Optimism is scarce in “The Retirement Gamble,“ “Frontline’s” look at the life stage once known as the golden years.
“I’m a survivor,” says one retiree, “and if I have to downsize to living in a tent, I will.”
That passes for hopeful these days.
Correspondent Martin Smith wades through the almost indecipherable fine print of his own retirement plan in an effort to grasp what lies ahead.
“Over the past couple of decades,” Smith narrates, “we’ve handed over more than $10 trillion of our retirement money to the financial services industry.
“They’ve built a pretty good business out of it, but how well is it working for you and me?”
Not well, “Frontline” suggests.
The documentary includes interviews with various middle-income workers whose post-career lives are tenuous at best. Half of Americans, Frontline reports, say they can’t afford to save anything for retirement, and one-third have “next to no” savings.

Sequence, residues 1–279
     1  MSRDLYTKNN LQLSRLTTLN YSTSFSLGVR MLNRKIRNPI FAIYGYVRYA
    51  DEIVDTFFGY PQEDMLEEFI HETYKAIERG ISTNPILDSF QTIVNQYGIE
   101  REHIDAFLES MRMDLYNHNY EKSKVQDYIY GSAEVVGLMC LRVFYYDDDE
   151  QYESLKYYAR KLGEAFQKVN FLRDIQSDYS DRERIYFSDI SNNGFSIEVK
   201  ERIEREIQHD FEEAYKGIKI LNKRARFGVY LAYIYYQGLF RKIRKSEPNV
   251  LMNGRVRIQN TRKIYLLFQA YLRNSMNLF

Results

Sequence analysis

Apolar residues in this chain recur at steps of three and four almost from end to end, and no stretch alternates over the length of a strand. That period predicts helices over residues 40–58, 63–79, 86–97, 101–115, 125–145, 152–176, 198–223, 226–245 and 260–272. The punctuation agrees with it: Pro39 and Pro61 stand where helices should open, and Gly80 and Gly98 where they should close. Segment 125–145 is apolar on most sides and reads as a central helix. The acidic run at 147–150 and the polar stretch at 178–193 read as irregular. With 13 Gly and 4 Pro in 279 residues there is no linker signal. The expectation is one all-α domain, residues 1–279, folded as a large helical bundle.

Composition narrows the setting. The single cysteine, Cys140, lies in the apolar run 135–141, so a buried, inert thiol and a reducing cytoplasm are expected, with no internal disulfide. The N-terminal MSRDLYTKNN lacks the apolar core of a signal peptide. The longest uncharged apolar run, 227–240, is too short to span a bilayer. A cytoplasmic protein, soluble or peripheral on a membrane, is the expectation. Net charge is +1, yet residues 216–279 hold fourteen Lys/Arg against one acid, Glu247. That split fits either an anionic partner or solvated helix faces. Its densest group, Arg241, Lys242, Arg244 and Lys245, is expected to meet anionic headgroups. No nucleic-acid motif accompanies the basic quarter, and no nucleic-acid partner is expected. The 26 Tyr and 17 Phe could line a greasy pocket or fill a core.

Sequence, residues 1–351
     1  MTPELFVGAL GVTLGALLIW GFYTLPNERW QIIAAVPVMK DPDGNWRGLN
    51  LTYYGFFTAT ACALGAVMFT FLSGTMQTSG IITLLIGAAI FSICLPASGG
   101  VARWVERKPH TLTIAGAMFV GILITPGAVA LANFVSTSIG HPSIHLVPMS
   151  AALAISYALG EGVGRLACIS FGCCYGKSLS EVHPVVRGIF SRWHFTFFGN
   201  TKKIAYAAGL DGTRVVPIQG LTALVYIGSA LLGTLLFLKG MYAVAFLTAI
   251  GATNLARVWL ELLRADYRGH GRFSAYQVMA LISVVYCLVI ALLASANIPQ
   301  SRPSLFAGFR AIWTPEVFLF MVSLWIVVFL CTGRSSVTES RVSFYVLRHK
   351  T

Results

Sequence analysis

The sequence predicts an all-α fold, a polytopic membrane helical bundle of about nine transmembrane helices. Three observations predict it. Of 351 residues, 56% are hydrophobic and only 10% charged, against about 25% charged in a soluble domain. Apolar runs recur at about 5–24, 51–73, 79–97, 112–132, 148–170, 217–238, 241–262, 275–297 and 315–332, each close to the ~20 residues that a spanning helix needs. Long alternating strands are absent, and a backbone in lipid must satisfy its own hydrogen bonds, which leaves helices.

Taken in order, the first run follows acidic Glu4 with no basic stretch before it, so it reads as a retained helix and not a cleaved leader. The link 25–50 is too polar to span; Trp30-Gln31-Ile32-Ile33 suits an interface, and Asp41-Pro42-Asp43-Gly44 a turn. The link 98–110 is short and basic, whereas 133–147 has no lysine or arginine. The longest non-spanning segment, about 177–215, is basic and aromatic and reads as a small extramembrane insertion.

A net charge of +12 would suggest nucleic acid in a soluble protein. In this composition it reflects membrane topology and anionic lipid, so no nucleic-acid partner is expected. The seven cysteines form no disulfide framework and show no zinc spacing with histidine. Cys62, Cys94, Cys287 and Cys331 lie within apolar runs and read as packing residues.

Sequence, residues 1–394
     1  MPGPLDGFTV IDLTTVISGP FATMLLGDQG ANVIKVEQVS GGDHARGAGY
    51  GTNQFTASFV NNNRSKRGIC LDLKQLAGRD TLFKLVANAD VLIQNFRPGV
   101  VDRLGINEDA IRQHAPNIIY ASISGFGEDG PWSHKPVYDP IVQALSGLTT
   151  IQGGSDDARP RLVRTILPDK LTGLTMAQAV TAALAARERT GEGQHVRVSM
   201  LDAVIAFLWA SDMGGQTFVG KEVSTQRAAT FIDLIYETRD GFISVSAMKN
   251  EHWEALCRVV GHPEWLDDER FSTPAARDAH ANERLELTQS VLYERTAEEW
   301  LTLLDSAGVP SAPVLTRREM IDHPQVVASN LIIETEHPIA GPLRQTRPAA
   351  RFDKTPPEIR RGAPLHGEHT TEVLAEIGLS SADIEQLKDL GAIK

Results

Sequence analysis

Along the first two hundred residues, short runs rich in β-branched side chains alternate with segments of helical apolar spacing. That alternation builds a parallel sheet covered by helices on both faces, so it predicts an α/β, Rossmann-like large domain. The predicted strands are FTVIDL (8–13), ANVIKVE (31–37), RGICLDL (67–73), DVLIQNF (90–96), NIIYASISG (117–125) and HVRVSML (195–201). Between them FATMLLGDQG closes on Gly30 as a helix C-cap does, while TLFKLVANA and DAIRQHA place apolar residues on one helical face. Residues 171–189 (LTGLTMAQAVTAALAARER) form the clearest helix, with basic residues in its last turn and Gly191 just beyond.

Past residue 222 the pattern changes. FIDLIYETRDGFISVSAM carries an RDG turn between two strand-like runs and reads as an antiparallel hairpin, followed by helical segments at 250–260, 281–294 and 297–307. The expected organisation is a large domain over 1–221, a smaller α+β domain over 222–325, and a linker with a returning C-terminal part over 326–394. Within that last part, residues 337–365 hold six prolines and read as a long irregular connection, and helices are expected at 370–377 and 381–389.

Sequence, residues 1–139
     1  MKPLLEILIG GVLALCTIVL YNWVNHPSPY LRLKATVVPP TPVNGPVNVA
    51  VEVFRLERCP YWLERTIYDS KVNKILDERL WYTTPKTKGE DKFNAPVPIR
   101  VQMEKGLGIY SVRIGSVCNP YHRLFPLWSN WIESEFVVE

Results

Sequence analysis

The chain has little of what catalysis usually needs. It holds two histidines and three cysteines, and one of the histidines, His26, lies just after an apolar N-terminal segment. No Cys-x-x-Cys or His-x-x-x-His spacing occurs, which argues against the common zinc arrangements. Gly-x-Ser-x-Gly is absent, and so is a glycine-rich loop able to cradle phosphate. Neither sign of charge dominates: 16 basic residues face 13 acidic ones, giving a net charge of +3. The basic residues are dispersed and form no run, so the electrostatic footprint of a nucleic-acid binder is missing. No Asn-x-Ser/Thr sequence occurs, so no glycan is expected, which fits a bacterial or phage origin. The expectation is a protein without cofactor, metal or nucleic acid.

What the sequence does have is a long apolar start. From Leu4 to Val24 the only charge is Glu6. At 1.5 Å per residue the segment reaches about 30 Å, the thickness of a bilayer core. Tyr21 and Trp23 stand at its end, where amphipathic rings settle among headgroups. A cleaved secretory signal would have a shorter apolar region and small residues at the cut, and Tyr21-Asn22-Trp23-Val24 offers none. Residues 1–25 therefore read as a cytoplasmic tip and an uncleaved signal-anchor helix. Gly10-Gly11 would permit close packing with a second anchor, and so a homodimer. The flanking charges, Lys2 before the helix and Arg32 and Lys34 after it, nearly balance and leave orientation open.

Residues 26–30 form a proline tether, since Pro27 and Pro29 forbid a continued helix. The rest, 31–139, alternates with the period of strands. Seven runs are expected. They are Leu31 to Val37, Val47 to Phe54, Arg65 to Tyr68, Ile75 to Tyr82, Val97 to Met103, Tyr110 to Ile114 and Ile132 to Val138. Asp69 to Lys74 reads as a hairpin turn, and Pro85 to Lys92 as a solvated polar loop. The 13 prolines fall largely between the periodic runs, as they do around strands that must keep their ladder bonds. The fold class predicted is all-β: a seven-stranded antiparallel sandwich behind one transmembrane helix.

Management fees charged by financial advisers come under particular scrutiny. “It doesn’t take a genius to know that the bigger the profit of the management company, the smaller the profits that investors get,” says John Bogle, founder and retired CEO of the Vanguard Group.
Bogle favors investing in diversified portfolios of low- cost, unmanaged index funds rather than the riskier actively managed funds. Even a seemingly small management fee of 2 percent on a mutual fund, he says, can add up to big bucks over a working life.
“Frontline’s” Smith fact-checks Bogle’s claims, and confirms that an investment of $100,000 can shrink by $63,000 over 50 years with that 2 percent fee.
“I will keep working,” Smith concludes.